James Paul Johnson, son of James Johnson and his wife Louisa Catherine, born French, was educated at Dulwich College, London, and then studied at the Royal School of Mines in the same city. Afterwards he gained some practical experience at the Dolcoath and Tincroft Mines in Cornwall. He had a strong interest in geology and stone age archaeology and during 1899-1902 contributed eight geological and archaeological papers, three of them on the Eocene and Pleistocene fauna of Essex, to the Essex Naturalist. In 1902, at the end of the Anglo-Boer War (1899-1902), he came to South Africa, mainly for health reasons. As a certificated mine surveyor he worked at several gold mines on the Witwatersrand, and at the Roberts-Victor diamond mine in the Boshof district of the Orange River Colony (now the Free State). For a brief period he was the mining editor of the South African Mining Journal. Later he practised as a consulting geologist and mining engineer in Johannesburg. He was an associate member of the (British) Institution of Mining and Metallurgy.
Johnson contributed significantly to knowledge of the geology of South Africa. The papers he read before the Geological Society of South Africa, published in its Transactions, dealt with topics such as "Notes on a section through the Witwatersrand beds" (1905), the geology of the Roberts-Victor diamond mine (1907), and the tin, molybdenum and lead occurrences near Potgietersrust (now Mokopane, 1908). His most important contributions to geology were books on The ore deposits of South Africa, with a chapter on hints to prospectors (2 volumes, London, 1908-1909) and The mineral industry of Rhodesia (London, 1911).
Johnson's spare time was devoted to the study of stone tools and the deposits containing them, and in the Transvaal Colony he was one of the pioneers in this field. His work led to the publication of many papers, several of them in the Transactions of the Geological Society of South Africa. In the first of these, "Notes on sections at Shark River and the Creek, Algoa Bay" (1903), he described raised beach deposits containing numerous shells that were identified by James Crawford*. That same year he described his discovery of artefact-bearing deposits near Johannesburg. Later papers dealt with his artefact finds at the confluence of the Taaibosspruit and the Vaal River, south-west of Vereeniging (1904); the farms Vlakfontein 155 (1905) and Waterval 417 (1905); the Krugersdorp Valley (1905); Bulawayo and the Victoria Falls (1905); the Vaal River gravels (with R.B. Young*, 1906); and in a lacustrine deposit near Robinson (1910). His description of the deposits with which many of the artefacts were associated provided useful insights. Meanwhile he had also read a paper on his finds near Johannesburg at the 1904 congress of the South African Association for the Advancement of Science, including a bibliography of the prehistory of South Africa up to that time. When the association met jointly with its British counterpart in Cape Town and Johannesburg the next year he contributed a summary of recent discoveries of stone artefacts in South Africa (many by himself), which was included in the Addresses and papers... published after the meeting. A review paper, "Contribution to our knowledge of the stone age of South Africa", followed the next year, but his main efforts to pull various finds together were published in three small books: The stone implements of South Africa (London, 1907), The prehistoric period in South Africa (London, 1910), and Geological and archaeological notes on Orangia (London, 1910). The latter dealt with the region between the Vaal and Orange rivers. Early in 1906 he donated a collection of geological specimens to the geological museum in Johannesburg. The collection had to be transported to South Africa, presumably from Britain. The next year he was appointed a member of the Bushman Paintings Commission and participated actively in its work.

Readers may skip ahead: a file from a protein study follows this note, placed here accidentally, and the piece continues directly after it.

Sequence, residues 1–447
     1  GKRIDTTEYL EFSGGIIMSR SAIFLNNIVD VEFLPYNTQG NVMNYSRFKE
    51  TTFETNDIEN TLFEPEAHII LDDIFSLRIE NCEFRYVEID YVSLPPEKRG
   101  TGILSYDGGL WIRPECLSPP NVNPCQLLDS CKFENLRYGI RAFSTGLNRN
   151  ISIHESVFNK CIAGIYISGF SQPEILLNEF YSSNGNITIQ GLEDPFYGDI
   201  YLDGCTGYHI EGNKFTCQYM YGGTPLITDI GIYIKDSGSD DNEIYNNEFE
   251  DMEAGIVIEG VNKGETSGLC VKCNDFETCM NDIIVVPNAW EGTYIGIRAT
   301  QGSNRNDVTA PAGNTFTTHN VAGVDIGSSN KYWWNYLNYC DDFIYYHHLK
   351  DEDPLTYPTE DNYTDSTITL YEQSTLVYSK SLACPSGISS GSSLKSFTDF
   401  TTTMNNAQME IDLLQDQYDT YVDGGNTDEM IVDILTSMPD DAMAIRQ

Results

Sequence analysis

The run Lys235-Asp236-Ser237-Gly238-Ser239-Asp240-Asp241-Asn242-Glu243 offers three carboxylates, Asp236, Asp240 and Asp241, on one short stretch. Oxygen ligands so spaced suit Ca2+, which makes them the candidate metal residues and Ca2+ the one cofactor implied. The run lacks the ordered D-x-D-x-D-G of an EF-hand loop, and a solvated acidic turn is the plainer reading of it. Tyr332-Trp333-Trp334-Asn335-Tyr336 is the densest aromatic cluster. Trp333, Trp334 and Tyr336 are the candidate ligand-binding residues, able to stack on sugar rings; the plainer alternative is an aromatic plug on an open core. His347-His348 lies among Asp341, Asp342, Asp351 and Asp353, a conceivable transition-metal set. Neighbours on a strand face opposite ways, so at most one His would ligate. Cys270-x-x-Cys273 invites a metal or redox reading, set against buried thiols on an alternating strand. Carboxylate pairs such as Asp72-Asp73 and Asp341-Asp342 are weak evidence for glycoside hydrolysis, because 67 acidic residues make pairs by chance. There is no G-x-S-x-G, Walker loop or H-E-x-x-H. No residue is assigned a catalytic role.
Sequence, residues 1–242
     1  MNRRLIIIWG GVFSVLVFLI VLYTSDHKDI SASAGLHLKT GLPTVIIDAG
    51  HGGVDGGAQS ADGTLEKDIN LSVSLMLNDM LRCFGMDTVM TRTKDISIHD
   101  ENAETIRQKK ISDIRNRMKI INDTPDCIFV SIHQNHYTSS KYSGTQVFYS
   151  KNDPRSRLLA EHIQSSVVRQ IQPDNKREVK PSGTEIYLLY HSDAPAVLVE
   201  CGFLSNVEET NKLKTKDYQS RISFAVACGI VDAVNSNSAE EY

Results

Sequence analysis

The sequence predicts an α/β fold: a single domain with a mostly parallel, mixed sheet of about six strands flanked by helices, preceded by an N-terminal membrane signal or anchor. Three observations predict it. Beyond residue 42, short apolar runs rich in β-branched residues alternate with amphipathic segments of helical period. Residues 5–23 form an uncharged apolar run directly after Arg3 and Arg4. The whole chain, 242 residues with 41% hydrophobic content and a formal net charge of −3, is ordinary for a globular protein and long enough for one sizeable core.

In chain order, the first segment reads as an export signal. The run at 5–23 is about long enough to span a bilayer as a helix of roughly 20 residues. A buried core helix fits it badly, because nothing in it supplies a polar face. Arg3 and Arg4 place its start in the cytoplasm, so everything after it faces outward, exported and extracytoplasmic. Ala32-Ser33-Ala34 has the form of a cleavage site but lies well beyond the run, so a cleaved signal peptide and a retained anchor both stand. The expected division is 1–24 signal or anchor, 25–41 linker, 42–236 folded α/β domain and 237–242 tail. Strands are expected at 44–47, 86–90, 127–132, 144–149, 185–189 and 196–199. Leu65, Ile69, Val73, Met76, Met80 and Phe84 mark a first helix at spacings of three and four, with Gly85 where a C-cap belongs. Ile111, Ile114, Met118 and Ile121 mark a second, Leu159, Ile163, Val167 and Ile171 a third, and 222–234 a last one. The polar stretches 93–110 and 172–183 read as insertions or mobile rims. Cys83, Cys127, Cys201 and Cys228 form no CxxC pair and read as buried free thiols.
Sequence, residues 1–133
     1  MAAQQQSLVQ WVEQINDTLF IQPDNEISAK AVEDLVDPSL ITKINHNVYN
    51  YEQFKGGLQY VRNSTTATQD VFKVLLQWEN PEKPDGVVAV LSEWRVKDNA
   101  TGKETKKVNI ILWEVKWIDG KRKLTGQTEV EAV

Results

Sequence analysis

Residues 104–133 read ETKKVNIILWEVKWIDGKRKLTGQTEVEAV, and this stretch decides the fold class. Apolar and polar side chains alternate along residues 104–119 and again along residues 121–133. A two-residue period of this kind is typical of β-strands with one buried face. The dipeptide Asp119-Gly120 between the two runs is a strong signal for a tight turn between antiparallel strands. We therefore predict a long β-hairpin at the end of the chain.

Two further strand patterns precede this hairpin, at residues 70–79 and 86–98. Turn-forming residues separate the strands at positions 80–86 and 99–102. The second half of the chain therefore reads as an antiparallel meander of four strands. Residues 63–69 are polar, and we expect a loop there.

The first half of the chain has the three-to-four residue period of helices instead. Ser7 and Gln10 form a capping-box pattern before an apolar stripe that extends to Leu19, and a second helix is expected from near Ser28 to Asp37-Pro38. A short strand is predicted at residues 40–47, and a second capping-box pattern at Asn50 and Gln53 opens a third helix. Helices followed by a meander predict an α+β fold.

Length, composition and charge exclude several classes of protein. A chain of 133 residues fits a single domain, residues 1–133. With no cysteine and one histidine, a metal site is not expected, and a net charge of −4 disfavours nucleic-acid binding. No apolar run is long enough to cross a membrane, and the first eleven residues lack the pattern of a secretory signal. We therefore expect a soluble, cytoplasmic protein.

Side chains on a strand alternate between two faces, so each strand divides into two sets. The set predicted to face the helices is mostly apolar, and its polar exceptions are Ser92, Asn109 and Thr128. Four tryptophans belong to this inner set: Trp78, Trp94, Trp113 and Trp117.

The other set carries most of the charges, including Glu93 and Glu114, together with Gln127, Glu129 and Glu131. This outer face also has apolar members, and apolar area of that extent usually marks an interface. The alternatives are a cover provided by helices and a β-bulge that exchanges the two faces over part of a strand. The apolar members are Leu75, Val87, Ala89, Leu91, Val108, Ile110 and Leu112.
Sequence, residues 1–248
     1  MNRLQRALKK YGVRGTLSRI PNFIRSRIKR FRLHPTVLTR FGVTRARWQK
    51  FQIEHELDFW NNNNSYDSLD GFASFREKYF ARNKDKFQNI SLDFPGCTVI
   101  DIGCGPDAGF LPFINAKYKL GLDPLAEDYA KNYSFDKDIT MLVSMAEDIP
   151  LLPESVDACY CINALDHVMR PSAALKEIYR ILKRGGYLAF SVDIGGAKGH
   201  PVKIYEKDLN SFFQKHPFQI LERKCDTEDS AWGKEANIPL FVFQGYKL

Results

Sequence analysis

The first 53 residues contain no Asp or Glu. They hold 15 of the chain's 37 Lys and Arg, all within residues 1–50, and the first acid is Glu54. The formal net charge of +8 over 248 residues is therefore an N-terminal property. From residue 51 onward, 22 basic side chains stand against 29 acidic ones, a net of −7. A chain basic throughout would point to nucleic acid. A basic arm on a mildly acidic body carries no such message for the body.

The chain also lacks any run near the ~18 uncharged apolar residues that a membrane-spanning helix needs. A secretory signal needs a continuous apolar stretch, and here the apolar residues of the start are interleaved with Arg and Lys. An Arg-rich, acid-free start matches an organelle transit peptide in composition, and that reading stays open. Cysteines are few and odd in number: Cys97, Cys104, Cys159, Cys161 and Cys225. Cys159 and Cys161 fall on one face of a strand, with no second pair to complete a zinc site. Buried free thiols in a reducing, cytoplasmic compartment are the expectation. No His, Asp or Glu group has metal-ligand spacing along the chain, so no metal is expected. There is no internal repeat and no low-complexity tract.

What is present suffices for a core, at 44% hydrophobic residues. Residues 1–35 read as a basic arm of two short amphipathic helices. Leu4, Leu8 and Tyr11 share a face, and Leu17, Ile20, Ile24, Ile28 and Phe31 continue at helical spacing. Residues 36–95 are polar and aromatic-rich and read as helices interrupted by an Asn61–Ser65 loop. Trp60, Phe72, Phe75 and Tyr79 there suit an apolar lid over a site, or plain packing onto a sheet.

Johnson was a member of the South African Association for the Advancement of Science (from 1903), the South African Philosophical Society (from 1903), the Geological Society of South Africa, and the Chemical, Metallurgical and Mining Society of South Africa (from 1903). He was a somewhat retiring and reticent person, but to close friends revealed a cheery nature and keen sense of humour. He was interested in science for its own sake and in its pursuit showed indifference to material posessions and comforts. In 1907 he left for Tasmania, where he intended to settle. The files of the Pitt Rivers Museum, Oxford, indicate that he collected a stone tool at Bondi Bay, New South Wales, in 1913. However, he returned to South Africa in 1914, shortly after the outbreak of World War I (1914-1918). While practising as a mine surveyor he died in the influenza epidemic of 1918, aged only 38 years. Unfortunately what remained of his archaeological collection was dispersed after his death. Some of the Later Stone Age artefacts he collected at Taaibosspruit ended up in the Pitt Rivers Museum.
Johnson was married to Annie Maria Wood in Johannesburg in February 1905, but they had no surviving children. After her death he married the widow Millicent Maud Harris in Johannesburg in 1910.